Bali tourism tax starts 14 February, with advance online payment option

Starting just a month from now, you’ll have to fork out IDR 150,000 (around S$13) per person when visiting Bali as a tourist, but thankfully an advance online payment system will be in place.

Here’s everything we know so far.

As we first reported in October last year, Bali is introducing a new tourism levy from February 2024, to support environmental, cultural and infrastructure projects on the island, which sees over five million visitors annually.

That means your trips to the popular Indonesian island will soon become a little more costly and complex, with the new charge applicable to all non-Indonesian tourist visitors, including Singapore citizens and most of our Singapore-resident and international readers.

Luckily an advance online payment system for the new tax will soon be up and running, and we strongly recommend completing this process and obtaining a QR code to scan on entry to Bali before departing on your trip to ease the arrivals process, if you’ll be touching down from 14th February 2024 onwards.

Another hurdle between your home and your private pool villa – an IDR 150,000 tourism tax when you travel to Bali from 14th February 2024. (Photo: Amarterra Villa)

From 14th February 2024, all non-Indonesian nationals arriving in Bali will have to pay a tourism tax of IDR 150,000 (~S$13) on arrival.

Children are not exempt, so a typical family of four is looking at around S$52 in additional expenses on a Bali trip, once the tax takes effect.

If you make a trip to Bali’s neighbouring islands, you will have to pay the tourism tax again on your return to Bali.

This includes places like the Gili Islands, Lombok and Java.

A side trip to the Gili Islands will see you pay Bali’s tourism tax twice, assuming you return to Bali afterwards. (Photo: Shutterstock)

However, it does not apply when you make trips to:

  • Nusa Ceningan
  • Nusa Lembongan
  • Nusa Penida

These islands are part of the province of Bali, so you haven’t actually “left” when you visit them.

If you’re fluent in Bahasa Indonesia, the full legal text of the new tourism tax is available at the following links:

When we first reported on this news, it was suggested that a form of advance online payment would be in place for tourists to pay the new tax online ahead of their trip, but all that was confirmed at the time was that five designated payment counters would process the payments at Bali Airport’s international arrivals hall.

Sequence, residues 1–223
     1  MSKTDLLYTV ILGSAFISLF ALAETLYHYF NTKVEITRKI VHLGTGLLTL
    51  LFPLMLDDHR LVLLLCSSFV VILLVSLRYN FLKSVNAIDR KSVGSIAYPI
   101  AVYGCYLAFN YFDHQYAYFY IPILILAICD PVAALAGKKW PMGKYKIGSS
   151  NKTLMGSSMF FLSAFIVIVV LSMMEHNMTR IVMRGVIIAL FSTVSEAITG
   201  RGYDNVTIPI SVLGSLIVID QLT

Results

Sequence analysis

With an impressive-sounding turnaround time promised of 23 seconds per passenger, we pointed out that it would still take 47 minutes to process 615 arriving passengers from the single daily Emirates Airbus A380 arriving on the island!

Thankfully our worst fears of long queues in the arrivals hall have been laid to rest, because there is indeed an online payment portal via the Love Bali website.

This will allow visitors to provide their personal details, make payment for the arrival tax, and then obtain a QR code to scan at the checkpoint at Bali Airport, or at sea ports.

Hopefully this will be a much smoother option compared to making payment at the counter on arrival, though that will still be possible if you prefer (note: cashless payment only).

“It is strongly advised to make payment before departure to Bali”

Bali Provincial Government

There’s also an upcoming Love Bali mobile app, which may prove an easier option to make the prepayment and have the Levy Voucher QR code stored seamlessly on your phone.

If you fall into one of the following categories, you are likely to be exempt from the requirement to pay the new tourism tax on arrival in Bali.

  • Diplomatic and official visa holders
  • Conveyance crew (ship workers)
  • KITAS / KITAP holders
  • Student, family unification and golden visa holders
  • Specific non-tourist visa holders

You will be able to apply for an exemption via the Love Bali website (presumably, you get a special QR code to show).

Those not holding ASEAN nationality, such as Australian, US and UK citizens, will also have to obtain a Visa-on-Arrival (VoA) when entering Indonesia on an international flight, obtained at a separate counter at a cost of IDR 500,000 (~S$44), though this can also be done online in advance.

Remember, Singaporeans and other ASEAN nationals don’t need a VoA (but will need to pay the IDR 150,000 tourism tax).

Bali trips are set to become slightly more expensive from 14th February 2024, with the new tourism tax. (Photo: Shutterstock)

As if all this complexity wasn’t enough, if you are arriving by air at Bali on an international flight, you should also complete the e-customs declaration before departure and obtain a QR code to show on arrival.



 


 

From 14th February 2024, tourists arriving on the popular holiday island of Bali, including Singapore citizens, will be obliged to pay an IDR 150,000 (~S$13) tax, including any children.

While the idea of joining a queue on arrival at the airport filled us with dread, thankfully it’s been confirmed that an advance online payment system will be in place, generating a QR code for you to simply show on arrival.

The provincial tax is being raised to help counter the effects of tourism on the island, including new environmental and infrastructure projects.

Unfortunately if you make a side trip to many of Bali’s neighbouring islands, you will have to pay the tourism tax again on your return to Bali, so be aware.

As if all that wasn’t enough – do note that non-ASEAN passport holders still require a VoA to travel to Indonesia, and there’s a customs declaration QR code to complete before you’ll be allowed to leave the baggage reclaim hall too.

Who said going on holiday was easy again?!

(Cover Photo: Conrad Bali)

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